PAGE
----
And his prediction the day before the Oct. 3, 1995, O.J. Simpson murder-trial verdicts that the fallen football/celebrity star would be convicted?


Well, he’s at it again.

‘Opposite Of O.J.’: Geraldo Predicts Zimmerman ‘Will Be Acquitted’ Because Of Almost ‘All-White Jury’


I wonder if this prediction will improve his odds of being wrong.

Here’s some of what he’s basing his guess on as quoted from the “Mediaite” website report:

“Rivera said that this was due to the racial element in the case and the fact that the majority of jurors are white women who cannot relate to the prosecution’s witnesses like Martin’s friend, Rachel Jeantel.”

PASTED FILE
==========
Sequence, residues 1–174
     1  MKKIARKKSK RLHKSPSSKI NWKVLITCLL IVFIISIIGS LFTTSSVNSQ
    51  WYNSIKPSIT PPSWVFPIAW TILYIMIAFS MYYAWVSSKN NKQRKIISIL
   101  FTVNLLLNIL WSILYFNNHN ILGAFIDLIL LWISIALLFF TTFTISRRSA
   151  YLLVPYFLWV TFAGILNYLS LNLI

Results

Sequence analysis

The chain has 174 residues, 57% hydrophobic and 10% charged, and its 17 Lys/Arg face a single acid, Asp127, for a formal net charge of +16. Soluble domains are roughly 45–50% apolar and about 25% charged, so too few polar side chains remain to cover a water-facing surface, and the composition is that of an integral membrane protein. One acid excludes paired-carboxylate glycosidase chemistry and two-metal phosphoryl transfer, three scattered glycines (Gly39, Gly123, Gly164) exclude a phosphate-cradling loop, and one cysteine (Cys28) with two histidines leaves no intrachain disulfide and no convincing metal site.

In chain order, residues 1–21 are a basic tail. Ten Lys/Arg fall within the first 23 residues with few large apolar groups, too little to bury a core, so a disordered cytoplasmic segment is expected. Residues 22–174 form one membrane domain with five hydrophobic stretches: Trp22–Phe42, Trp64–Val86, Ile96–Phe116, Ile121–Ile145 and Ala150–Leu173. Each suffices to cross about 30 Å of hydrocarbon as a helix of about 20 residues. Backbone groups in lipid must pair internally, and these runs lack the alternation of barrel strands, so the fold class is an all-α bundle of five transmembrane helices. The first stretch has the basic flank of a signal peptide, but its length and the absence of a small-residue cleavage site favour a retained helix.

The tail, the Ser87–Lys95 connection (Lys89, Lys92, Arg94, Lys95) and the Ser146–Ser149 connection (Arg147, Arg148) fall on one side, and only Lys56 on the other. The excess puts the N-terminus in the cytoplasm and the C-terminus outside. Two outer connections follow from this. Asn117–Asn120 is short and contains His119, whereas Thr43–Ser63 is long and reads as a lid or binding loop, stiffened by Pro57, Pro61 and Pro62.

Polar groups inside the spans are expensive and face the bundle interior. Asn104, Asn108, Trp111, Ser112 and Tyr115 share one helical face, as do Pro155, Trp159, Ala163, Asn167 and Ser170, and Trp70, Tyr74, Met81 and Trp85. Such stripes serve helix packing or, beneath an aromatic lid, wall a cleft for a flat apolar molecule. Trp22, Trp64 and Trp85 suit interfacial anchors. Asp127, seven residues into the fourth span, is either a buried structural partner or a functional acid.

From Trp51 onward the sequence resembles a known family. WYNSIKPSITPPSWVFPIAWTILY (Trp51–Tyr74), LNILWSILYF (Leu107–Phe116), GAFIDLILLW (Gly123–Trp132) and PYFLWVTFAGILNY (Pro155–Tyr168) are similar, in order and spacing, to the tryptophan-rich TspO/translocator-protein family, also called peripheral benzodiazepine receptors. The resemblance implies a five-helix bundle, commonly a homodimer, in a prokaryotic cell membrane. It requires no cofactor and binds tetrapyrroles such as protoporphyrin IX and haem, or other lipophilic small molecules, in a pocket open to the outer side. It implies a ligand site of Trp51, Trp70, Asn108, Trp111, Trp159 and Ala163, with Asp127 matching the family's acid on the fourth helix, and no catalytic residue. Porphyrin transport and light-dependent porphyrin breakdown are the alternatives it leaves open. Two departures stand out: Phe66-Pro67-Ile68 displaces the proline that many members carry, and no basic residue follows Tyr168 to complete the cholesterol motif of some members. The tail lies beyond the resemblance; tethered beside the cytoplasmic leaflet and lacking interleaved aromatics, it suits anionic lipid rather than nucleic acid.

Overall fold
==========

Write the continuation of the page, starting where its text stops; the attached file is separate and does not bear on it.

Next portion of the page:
What has always stuck with me is my encounter with Rivera during the 1995 O.J. Simpson criminal trial, on which Anatomy of a Trial is based on. It was atypical of everything I had heard and seen about him.

Here is an excerpt of March 17th entry of the audio journal I kept during the trial:

“This was Geraldo Rivera day in the OJ Simpson courtroom and in Judge Ito’s chambers. I was impressed. Not by the celebrity but by something of a little a departure from his public image. He was a gentlemen, he was unobtrusive, low profile, not grand standing, not spotlight grabbing. He was asked to come to the 12th floor to get his seat pass and he did, he sat in a chair over in a corner by himself and waited until I got up there.”

My narrative is interrupted by mention of one of the many bomb scares that occurred during that trial, then picks up again.